If you are struggling with the stresses of financial hardship, and if fear of the future is keeping you up at night, creating heightened anxiety, there are things you can do to take back some sense of control in the situation.
1. Take every opportunity to network with people. Get out of the house and interact with others. If you are looking for a new job, make some new connections. You never know when the person sitting next to you at the PTA meeting or at a volunteer situation may be in a position to help you connect with your next employment opportunity. Let others know your situation and ask them to keep you in mind if they hear of opportunities that might be a good fit for you. Do not let pride keep you from projecting an honest picture of your situation to others.
2. Control your stress and anxiety by taking care of yourself. Rest. DO NOT sit up until 3 am doing social media junk. If you are having trouble sleeping over an extended period of time, seek help in addressing this. Eat right. Exercise regularly, particularly when feeling depressed or anxious. Moderate to rigorous exercise for as little as 30 minutes has shown to boost the release of endorphins in the brain, which stave off depression and enhances feelings of wellbeing. Not feeling motivated? Make a promise to yourself to do it anyway. It helps. Taking care of you will reduce the likelihood of becoming both physically and emotionally ill. Becoming sick is the last thing that’s needed at a time like this.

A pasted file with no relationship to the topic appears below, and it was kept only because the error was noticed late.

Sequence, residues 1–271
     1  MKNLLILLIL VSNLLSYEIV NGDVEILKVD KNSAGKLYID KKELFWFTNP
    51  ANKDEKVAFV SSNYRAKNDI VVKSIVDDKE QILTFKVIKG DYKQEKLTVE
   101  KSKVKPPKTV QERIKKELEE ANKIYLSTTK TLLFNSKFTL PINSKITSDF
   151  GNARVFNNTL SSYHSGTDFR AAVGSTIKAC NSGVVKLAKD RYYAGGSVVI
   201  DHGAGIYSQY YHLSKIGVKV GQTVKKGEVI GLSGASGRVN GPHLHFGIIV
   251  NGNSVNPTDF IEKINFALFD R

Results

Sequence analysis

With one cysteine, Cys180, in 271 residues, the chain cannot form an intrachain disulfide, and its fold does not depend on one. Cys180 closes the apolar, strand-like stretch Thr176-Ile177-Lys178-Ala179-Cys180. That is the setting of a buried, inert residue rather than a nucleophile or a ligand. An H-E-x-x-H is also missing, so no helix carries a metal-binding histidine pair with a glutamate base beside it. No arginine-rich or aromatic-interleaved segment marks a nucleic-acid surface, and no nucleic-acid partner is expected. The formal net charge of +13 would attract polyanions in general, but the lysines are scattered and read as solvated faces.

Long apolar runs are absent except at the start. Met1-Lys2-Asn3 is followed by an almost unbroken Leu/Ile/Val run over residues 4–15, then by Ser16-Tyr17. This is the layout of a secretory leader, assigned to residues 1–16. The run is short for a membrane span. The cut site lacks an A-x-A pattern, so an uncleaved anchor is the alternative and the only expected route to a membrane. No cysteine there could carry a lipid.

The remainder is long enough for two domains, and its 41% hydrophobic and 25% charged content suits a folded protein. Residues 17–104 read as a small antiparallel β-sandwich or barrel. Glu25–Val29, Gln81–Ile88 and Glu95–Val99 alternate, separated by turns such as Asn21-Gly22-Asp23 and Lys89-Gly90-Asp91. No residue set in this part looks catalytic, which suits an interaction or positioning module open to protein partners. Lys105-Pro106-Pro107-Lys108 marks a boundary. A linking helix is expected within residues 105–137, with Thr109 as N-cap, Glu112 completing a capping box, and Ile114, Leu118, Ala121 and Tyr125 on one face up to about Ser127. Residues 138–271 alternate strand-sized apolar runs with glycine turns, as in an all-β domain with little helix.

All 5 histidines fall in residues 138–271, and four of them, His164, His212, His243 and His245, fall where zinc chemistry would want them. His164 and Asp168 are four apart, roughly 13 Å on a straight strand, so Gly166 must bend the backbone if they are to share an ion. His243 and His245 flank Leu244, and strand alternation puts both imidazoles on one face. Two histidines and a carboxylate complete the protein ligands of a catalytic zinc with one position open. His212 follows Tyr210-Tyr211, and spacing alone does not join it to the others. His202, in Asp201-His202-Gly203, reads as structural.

3. Trim back expenses. Find ways to trim monies out of your budget. You may say, “I’ve already cut out all the extras and I still can’t make it work.” If you really have cut out the $4.00 cup of fru fru coffee, and scaled back on the extras, then it may be time to seek financial counseling. There are many organizations that help people learn to live on a new/reduced budget. Sometimes having a new set of eyes on your situation can bring suggestions you have not considered before. It’s worth trying. Many people have obtained their “financial freedom” by taking the advice of financial counselors.
4. Pray. This should be the thing we do first and the most anytime we are struggling with anything in our lives. Prayer is comforting. It is so wonderful to turn over our worries and fears to God. I can assure you that He is not going to drop a pot of money in your lap as soon as you say “Amen”. But there’s a lot of power in prayer. God hears us and loves us. He does and will take care of all our needs, in His time and in His way.
Always keep in mind that in the long run, all situations are fluid, even if it doesn’t feel like it in the present. Nothing stays the same. Just because things are tough now, and maybe have been tough for a long time, doesn’t mean it will stay tough. As long as we are doing the things we can do to help ourselves, we need to live and function under the assumption that things will get better eventually, because they often do. No one can predict the future, but it makes sense to live and move forward with the belief that the future hold good things. Why believe anything else? J